That is just the tip of the iceberg of undrafted players making a difference on NBA rosters. Some big-name players didn’t hear their name called at the 2022 NBA Draft — Shareef O’Neal out of LSU, Shaq’s son, for one (he will play in Summer League for the Lakers).
Here are five names you may not know but are worth watching both at Summer League and over the coming couple of years. Players who could make a difference for their teams down the line.
• Dom Barlow, 6’9″ power forward/center, Overtime Elite. He signed a two-way contract with the San Antonio Spurs almost immediately after the draft.
Barlow was the best player in the OTE class this year, he has NBA size, length (7-3 wingspan) and athleticism. He can switch on defense and hold his own, and he showed some skill as a ball handler and shooter this past season. That said, Barlow is still raw and is a development project — the NBA Draft Combine scrimmages showed he has a ways to go to catch up to the speed of decision-making and reactions that have to happen. But he has all the raw tools. The Spurs are the perfect organization to bring him along.
• Julian Champagnie, 6’8″ forward, St. John’s. He signed a two-way contract with the 76ers soon after the draft ended.
The brother of Justin Champagnie from the Raptors, the hope is the younger Champagnie brother can be a 3&D player at either forward spot. He was asked to do everything for the Red Storm offense last season and, in a positive sign, showed the ability to hit tough shots in college. If he can develop as a catch-and-shoot guy and prove he can defend better athletes at the next level, he could become a rotation forward in the NBA.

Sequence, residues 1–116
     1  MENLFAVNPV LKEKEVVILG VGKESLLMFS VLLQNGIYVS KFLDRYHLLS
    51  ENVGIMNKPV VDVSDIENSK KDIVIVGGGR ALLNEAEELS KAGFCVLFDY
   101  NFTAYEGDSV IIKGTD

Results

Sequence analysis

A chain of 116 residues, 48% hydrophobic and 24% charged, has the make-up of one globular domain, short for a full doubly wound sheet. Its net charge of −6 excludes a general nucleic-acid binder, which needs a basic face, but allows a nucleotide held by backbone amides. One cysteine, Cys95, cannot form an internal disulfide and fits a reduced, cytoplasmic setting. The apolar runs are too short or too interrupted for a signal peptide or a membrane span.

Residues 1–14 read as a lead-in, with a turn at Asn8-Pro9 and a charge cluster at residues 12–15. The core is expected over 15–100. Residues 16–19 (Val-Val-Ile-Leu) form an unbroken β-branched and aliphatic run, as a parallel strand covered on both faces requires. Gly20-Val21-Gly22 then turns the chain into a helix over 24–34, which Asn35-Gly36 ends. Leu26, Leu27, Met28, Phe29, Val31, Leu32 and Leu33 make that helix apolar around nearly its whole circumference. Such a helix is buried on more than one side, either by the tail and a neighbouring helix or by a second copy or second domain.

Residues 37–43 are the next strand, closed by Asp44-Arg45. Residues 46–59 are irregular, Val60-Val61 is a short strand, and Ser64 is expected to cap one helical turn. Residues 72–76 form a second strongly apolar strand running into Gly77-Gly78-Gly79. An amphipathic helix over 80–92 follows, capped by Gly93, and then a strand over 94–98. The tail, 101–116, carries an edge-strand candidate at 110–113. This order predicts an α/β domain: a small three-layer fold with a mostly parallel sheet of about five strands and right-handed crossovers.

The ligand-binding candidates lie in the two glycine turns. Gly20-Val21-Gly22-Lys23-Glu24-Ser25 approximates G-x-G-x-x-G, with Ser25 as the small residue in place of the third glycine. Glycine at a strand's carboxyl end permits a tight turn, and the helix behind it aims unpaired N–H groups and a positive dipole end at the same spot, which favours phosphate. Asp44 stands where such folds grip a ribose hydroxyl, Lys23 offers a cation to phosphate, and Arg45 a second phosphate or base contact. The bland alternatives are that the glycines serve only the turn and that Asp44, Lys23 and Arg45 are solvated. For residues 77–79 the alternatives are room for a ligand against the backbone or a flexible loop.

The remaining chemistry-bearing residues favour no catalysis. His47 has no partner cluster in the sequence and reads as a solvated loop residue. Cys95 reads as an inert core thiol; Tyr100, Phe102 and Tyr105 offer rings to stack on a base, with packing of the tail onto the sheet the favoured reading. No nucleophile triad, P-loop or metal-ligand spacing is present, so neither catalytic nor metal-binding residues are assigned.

• Justin Lewis, 6’7″ forward, Marquette. He quickly signed a two-way contract with the Chicago Bulls after the draft.
He has the physical tools and athleticism that everyone hopes to find in a wing — 7-2 wingspan, physical and tough, can jump out of the building, can switch on defense and hit a jumper. He’s a force when playing downhill. Lewis was inconsistent and didn’t play with a high enough motor at Marquette to keep everyone happy, and there are concerns about his lateral quickness on defense. But he competes. Lewis could be a solid wing rotation player in a few years.
• Jean Montero, 6’2″ guard, Overtime Elite. He has signed an Exhibit 10 contract with the Knicks, meaning he will play for them at Summer League, be invited to training camp, and get a bonus to join their G-League team (unless he plays his way onto the big club).
A pass-first point guard with impressive handles and quickness, he was a top-20 projection in this class back in early 2020, but his development seems to have stalled out. He’s considered undersized but without the athleticism to counter that, leading to concerns about his defense and ability to finish inside. The hope is that if his jumper can be developed, he could be a backup point guard.
• Dereon Seabron, 6’5″ shooting guard, North Carolina State. He signed a two-way contract with the New Orleans Pelicans almost immediately after the draft.
He’s quick and has a natural skill for getting downhill and into the paint against a defense (where he doesn’t shy away from contact and is a decent passer). That quickness and desire to get to the rim makes him fantastic in transition. However, if he’s going to stick in the NBA he must become a much better shooter (25.4% from 3 last season). His defense also is going to have to improve. He’s a project, but it’s hard to teach quickness and the ability to get downhill, so not a bad roll of the dice by the Pelicans.